Submitted to: Meeting Abstract
Publication Type: Abstract only
Publication Acceptance Date: 6/12/1997
Publication Date: N/A
Citation: Interpretive Summary:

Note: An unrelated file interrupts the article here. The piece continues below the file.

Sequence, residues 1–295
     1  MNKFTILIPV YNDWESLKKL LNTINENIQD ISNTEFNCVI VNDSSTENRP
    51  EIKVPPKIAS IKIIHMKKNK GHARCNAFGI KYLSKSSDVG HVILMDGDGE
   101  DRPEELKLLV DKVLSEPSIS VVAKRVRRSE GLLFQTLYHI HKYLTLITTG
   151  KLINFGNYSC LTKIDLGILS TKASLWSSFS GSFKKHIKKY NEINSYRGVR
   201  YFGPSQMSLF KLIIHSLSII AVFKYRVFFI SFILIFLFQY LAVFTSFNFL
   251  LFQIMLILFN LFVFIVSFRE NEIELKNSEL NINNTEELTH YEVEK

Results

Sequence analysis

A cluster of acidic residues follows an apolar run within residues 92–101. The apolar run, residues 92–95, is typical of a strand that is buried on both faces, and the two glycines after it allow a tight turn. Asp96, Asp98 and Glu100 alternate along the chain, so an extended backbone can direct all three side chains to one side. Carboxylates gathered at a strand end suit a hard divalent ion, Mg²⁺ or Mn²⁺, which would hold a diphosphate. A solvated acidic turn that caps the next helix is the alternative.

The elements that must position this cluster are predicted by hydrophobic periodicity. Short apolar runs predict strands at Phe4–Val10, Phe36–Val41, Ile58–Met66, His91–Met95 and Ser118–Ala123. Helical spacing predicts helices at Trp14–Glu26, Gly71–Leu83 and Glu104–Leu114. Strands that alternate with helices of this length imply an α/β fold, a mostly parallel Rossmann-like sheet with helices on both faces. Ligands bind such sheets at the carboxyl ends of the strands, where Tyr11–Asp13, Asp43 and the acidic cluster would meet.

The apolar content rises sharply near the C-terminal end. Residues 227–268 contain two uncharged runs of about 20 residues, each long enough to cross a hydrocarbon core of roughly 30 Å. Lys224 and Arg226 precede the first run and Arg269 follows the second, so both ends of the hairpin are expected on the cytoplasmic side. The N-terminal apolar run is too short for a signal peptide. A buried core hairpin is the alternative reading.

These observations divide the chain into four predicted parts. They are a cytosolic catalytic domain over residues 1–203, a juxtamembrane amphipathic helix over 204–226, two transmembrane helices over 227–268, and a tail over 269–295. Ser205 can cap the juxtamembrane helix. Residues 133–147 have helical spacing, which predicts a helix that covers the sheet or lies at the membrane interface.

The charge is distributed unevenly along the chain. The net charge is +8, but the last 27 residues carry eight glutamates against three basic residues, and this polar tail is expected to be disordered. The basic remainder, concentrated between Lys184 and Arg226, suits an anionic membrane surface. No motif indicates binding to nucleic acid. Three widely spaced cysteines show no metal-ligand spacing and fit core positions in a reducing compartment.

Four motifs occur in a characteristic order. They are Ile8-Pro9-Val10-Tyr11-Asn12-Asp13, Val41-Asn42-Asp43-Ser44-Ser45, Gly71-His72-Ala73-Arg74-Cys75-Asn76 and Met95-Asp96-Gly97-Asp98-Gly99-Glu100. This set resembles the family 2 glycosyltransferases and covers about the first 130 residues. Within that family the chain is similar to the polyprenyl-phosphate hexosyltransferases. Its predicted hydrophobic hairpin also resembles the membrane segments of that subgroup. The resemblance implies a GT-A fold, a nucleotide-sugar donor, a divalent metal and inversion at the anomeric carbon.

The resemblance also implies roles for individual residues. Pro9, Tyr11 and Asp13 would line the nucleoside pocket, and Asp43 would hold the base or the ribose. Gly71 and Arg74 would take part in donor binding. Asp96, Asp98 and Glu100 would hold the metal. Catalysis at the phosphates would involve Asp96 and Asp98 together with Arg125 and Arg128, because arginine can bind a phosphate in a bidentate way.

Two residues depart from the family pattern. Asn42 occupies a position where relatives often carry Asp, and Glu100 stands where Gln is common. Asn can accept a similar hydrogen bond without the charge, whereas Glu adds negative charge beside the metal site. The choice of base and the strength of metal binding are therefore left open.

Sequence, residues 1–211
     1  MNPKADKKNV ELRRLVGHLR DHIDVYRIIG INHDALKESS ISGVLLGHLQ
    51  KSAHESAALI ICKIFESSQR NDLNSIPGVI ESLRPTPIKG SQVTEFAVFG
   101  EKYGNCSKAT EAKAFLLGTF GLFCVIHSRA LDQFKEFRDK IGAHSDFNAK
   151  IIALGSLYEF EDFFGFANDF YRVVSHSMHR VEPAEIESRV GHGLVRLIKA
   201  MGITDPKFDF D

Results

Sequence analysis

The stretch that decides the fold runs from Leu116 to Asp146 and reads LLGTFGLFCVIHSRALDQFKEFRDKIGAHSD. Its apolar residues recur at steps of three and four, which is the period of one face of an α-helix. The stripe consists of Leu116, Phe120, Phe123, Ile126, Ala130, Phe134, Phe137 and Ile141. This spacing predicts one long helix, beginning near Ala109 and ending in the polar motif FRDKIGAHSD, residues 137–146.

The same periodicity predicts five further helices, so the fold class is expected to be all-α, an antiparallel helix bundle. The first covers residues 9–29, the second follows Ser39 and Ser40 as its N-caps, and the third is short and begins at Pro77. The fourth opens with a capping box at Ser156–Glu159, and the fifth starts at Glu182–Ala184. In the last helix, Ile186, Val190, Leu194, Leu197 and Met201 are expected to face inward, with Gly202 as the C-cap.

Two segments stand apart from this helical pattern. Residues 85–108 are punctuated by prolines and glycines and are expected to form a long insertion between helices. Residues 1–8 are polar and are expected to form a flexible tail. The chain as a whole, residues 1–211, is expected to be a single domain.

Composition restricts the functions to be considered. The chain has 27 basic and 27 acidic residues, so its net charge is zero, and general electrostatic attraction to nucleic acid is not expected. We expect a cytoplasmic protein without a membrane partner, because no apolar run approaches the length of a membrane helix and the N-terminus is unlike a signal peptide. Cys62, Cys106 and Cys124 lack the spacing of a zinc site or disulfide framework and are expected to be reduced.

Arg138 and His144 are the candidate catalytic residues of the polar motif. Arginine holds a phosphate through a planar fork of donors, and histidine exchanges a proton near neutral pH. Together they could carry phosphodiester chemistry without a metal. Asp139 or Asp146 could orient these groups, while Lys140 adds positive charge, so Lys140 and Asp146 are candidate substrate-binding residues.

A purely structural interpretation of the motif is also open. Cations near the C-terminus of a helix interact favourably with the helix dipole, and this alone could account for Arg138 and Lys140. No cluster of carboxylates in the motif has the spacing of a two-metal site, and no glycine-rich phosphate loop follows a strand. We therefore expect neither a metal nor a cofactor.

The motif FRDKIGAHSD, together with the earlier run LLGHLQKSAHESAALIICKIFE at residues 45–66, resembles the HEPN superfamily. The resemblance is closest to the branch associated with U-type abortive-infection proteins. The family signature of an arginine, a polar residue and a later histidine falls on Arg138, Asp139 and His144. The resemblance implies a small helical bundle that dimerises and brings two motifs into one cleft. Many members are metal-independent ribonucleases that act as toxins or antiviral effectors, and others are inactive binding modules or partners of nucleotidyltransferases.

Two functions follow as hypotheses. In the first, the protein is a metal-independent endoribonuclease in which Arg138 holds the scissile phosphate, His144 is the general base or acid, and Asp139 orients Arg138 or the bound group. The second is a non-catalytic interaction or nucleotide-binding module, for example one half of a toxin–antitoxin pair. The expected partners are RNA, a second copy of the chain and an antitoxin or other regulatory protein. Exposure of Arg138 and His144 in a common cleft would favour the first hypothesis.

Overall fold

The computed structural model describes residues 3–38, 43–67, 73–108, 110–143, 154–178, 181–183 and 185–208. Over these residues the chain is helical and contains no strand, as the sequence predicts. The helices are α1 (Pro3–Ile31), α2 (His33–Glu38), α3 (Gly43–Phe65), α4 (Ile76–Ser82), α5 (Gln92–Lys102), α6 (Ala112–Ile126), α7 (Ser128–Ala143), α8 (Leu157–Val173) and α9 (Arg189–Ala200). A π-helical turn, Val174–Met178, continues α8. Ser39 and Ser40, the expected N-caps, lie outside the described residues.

Technical Abstract: Soil compaction is of concern in the humid regions of the United States where declines in soil productivity are often related to compaction. Compaction can also affect the water resources of a region, by altering soil water dynamics, as well as hamper the vitality of plants by restricting root exploration. Yet, little is understood about the natural forces that ameliorate compaction. This paper reviews our current understanding and offers suggestions in the future study of soil compaction as affected by freezing and thawing. Freezing and thawing was thought by many in the post-World War II era (1950's and 1960's) to ameliorate compaction of the clayey soils in the US Corn Belt. With the advent of large machinery, however, compaction persists despite annual freezing and thawing. Indeed, more than a decade may be required to alleviate subsoil compaction as reported by several investigators. The formation of ice in soil pores as a result of subfreezing temperatures may cause soil deformation and changes in density. Soil deformation is likely to occur in fine-textured soils upon freezing owing to the formation of ice lenses. Indeed, field experiments indicate that the bulk density decreases as compacted soils freeze. As the frozen soil thaws, however, the soil reconsolidates with no apparent lasting change in density. Thus, the deformed frozen soil matrix appears to subside and consolidate during thawing. Accompanying any permanent change in soil density must be a change in soil structure or aggregation. Structural fabric created by freezing and thawing is an evolving process, taking perhaps 100 freeze-thaw cycles to create. In regions of seasonal frost, subsoil compaction may not be alleviated by natural forces for decades or centuries.